I was discussing with one of my managers a few weeks ago the problem that some of our teams had a relatively large percent of time they were spending on toil - operational work that had to be done, but wasn’t as value generating as adding new features or making software more scalable. Google SRE Book has a good definition:
Toil is the kind of work tied to running a production service that tends to be manual, repetitive, automatable, tactical, devoid of enduring value, and that scales linearly as a service grows.
We did a quick back of the envelope calculation. Let’s assume you have a 5-engineer team that spends about 40% of their time on toil. 40% is a lot — not only does it mean that roughly 2 of the engineers are not utilized as productively as they could be, but can also make some team members less excited to do this work over time, decreasing the morale of the team.
Let’s assume we can get this number down to 20% through improved automation, and the cost is about 4.5 person-months. Let’s do an ROI calculation to get the payback period. It basically means we can get back an additional developer in about 3 months by allocating 1.5 FTEs for a quarter.
This means that in about 7.5 months (3 + 4.5), we will breakeven on the effort.
Great — let’s do it!
Or maybe not…. Can you spot the flaw in logic above?
The implicit assumption above was that we had 1.5 FTE developers just hanging around, and if they weren’t increasing automation (decreasing toil), they would be sitting idly on their hands.
The reality is of course that we can take the same 4.5 months and put that into value-generating projects as opposed to the cost-reduction above. Let’s assume that a new project results in additional value to the company of $50K (in annual subscriptions) through accelerating some feature or getting a new sale in that same quarter.
Hmm, we just introduced a new unit, money. To compare the cost / benefit of our automation work to revenue, we need to convert our person-months to money. Let’s assume each developer-month costs us $12.5K. This makes 4.5 person-months worth $56K.
Now things get more complicated. We certainly don’t want to forego this new revenue, or delay it by a quarter. New revenue can enable us to hire another person to continue the toil, perhaps somebody who enjoys operations. Alternatively, if the new hire is an engineer can be used to help with more automation (after examining opportunity cost again). I suspect at this point, our investment in automation makes less economic sense.
Of course, there is still the issue of team morale.
long-term scalability of the decisions, team morale, risk attrition, which could be harder to quantify.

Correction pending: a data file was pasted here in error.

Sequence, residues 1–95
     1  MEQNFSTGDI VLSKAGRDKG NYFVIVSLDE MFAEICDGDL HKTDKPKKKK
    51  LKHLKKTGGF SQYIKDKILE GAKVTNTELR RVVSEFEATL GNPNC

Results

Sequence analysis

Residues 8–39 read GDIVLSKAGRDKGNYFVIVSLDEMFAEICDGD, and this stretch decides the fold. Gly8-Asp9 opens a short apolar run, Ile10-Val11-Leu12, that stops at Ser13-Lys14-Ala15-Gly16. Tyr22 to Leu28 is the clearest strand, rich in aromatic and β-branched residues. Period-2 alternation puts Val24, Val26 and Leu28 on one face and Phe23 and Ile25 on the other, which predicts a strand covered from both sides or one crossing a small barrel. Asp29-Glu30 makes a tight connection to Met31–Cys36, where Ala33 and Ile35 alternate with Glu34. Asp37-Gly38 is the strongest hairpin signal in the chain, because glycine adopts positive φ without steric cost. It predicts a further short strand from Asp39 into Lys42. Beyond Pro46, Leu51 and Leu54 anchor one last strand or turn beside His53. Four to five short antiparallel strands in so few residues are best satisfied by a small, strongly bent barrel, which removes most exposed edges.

What’s the take away?
Of course, the above numbers are made up, so the actual decision would have to be based on actual values.
In the scenario presented, the value of automation is relatively small. If there is more value to be had — for example, if for the same cost the savings would accrue to more engineers, or if the opportunity cost was smaller, we might have made a different decision. If the 20% reduction in operational burden cost 1 person-months as opposed to 4.5, we would also probably move forward.
Predicting revenue opportunities is even harder than predicting the savings, but the larger point here is that we must try to take opportunity cost into account even if imprecise.
So when do you do technical improvement projects?
In a word, when it makes economic sense, and very much depending on what alternatives you have. Projects start having a much better ROI when they are not purely about freeing up developers, but also about adding new technical capabilities, affecting many developers (10% of improvement for 20 engineers is huge). Even if you don’t have time for a step-change reduction, there are often smaller improvements you can make that do have a very high ROI.
In the scenario of reducing toil, we may not have considered all benefits. For example, if in addition to reducing toil, we managed to accelerate new feature delivery in the future (not just by freeing up a developer, which we accounted for, but by improving the overall delivery process), then we must take that into account. Here, analysis concepts such as cost of delay can be helpful. Learn More.
The above was a fairly simple analysis. To get more rigorous, I recommend this article, where Don Reinertsen breaks down technical debt. That one is different in that it discussed whether to strategically incur some debt, where this post looks at the situation where you already incurred it.
Thanks to César Arévalo for feedback on drafts of this post and Ablimit Aji for introducing me to toil as a term for this.